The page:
On Wednesday, March 22, progressive groups in Belarus paid tribute to the victims of World War II’s Khatyn massacre on its 80th anniversary. Delegations from political parties including the Communist Party of Belarus (CPB), the Federation of the Trade Unions, youth groups including the Belarusian Republican Youth Union (BRSM) and the League of Communist Youth (LKM), the Belarusian Women’s Union, the Belarusian Public Association of Veterans, and others laid flowers at the monument to the Unconquered Man and the Eternal Flame at the Khatyn memorial complex near Minsk to mark the occasion. Several ministers and government officials also paid tribute to those who died, as part of the state-led commemoration of the 80th anniversary of the massacre that took place on March 22, 1943.
The Khatyn massacre was a horrific demonstration of the brutality of the Nazis and those who collaborated with them on the eastern front during World War II. On March 22, 1943, in retaliation for an attack on a German Nazi convoy by Soviet partisans, almost the entire population of Khatyn village in Lahoysk district of Minsk was massacred by Schutzmannschaft Battalion 118 (composed of Ukrainian nationalists) with the backing of the Nazi troops from Dirlewanger Waffen-SS. According to reports, 149 people—including children—were killed and their houses were burned to the ground. Following the war, several of those who participated in the massacre—Nazis and collaborators both—were prosecuted, and some were later executed.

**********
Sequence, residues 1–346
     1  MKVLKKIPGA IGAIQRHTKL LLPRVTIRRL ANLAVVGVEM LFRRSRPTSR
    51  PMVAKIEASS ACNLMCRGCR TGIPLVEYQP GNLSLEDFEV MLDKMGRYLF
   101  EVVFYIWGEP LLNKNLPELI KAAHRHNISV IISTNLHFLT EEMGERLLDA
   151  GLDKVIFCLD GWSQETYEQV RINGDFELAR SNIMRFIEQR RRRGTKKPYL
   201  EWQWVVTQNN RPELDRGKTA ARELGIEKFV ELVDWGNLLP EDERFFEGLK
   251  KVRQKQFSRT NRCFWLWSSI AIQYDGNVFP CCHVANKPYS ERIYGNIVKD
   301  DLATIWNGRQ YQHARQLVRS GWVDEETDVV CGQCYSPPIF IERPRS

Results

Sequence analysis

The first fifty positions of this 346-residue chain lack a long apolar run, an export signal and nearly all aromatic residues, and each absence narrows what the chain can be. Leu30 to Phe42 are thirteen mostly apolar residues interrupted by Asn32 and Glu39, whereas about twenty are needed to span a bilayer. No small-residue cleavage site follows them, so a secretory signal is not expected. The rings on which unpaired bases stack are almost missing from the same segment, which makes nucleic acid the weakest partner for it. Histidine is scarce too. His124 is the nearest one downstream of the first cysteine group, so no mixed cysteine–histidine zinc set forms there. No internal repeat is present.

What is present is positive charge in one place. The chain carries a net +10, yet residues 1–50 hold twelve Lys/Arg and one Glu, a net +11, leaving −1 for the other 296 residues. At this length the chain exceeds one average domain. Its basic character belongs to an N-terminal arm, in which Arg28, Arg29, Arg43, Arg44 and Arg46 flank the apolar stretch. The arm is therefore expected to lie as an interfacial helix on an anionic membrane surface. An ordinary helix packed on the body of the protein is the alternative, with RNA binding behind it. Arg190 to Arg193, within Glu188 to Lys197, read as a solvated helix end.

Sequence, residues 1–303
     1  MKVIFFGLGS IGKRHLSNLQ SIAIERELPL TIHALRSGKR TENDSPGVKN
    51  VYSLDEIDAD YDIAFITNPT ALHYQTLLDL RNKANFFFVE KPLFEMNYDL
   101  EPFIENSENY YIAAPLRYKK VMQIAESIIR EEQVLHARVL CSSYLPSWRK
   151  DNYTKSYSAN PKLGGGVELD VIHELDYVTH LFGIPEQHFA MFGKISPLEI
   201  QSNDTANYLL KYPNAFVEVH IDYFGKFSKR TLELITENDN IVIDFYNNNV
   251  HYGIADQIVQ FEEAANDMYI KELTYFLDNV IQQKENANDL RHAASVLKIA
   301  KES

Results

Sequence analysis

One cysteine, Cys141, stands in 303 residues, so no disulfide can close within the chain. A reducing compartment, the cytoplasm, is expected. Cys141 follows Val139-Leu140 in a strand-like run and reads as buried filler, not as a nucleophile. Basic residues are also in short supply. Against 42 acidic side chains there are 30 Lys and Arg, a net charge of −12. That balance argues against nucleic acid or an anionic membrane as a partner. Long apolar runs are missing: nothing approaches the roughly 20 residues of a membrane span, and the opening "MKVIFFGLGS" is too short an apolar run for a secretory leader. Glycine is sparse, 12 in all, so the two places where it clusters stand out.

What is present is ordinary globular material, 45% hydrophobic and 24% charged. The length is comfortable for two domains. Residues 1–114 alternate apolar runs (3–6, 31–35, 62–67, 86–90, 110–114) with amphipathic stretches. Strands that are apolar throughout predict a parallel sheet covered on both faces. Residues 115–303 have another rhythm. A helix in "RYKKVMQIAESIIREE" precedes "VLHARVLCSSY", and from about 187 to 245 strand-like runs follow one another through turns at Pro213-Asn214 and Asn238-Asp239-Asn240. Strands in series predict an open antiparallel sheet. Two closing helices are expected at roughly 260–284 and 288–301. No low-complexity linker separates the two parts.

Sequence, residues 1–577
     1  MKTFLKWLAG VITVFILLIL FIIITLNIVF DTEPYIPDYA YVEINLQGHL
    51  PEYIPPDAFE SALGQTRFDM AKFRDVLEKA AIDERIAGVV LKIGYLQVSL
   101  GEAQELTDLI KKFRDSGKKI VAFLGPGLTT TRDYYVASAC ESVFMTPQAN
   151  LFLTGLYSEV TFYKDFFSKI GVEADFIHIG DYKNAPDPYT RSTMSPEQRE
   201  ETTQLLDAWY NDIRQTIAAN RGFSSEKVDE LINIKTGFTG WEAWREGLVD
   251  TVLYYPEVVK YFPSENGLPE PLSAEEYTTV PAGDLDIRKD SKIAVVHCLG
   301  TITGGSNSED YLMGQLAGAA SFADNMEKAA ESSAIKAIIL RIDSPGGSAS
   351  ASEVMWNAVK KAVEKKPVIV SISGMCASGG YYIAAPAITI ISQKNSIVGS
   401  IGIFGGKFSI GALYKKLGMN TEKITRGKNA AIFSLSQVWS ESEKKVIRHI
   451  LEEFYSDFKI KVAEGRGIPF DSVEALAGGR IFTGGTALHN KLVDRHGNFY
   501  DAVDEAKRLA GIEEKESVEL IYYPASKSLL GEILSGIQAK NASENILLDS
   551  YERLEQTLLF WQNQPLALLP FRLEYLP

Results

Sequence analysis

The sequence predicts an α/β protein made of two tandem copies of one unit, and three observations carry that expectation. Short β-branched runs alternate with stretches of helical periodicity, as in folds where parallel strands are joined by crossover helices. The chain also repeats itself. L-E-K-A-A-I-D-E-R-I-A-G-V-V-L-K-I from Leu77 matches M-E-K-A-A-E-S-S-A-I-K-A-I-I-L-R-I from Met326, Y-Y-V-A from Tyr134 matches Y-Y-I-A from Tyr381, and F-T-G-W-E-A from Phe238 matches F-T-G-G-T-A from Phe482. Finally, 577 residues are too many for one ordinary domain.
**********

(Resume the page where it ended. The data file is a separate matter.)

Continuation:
In 1969, the memorial complex in Khatyn was dedicated as the national war memorial of the Byelorussian Soviet Socialist Republic. The eternal flame in the memorial represents Belarusians who died in the war, and the wall with niches represents those who died in concentration camps. The ‘Cemetery of Villages’ in the memorial complex, with its 185 tombs, represents the villages in Belarus burned down by the Nazis and their collaborators during the war. The statue of the Unconquered Man at the memorial depicts Yuzif Kaminsky, the 56-year-old village smith, who survived the Khatyn massacre carrying his dying son in his arms.
On Wednesday, after paying tribute at the Khatyn memorial, the Communist Party of Belarus (CPB) stated that “149 residents of Khatyn, including 75 children under 16 years old, were burned on March 22, 1943 by the perpetrators. Today, probably, there is no person who would not know and not hear the word ‘Khatyn’. The name of a small Belarusian village became a symbol of the tragedy of the people of Belarus during the Great Patriotic War.”
On the occasion, CPB also screened the documentary film titled ‘People with Black Souls,’ made by Belarusian filmmakers ID Gursky and PP Shamshur in 1962, which depicts the role of Belarusian collaborators in World War II.
On Wednesday, Alexander Lukyanov from the Belarusian Republican Youth Union (BRSM) said, “today, the whole country has come to bow to the memory of the unconquered. We are an unconquered people, and today, we have every right, standing on this sacred Khatyn land for every Belarusian, to appeal to the international community to never again allow—not only in Belarus, but also in other countries—a similar catastrophe.”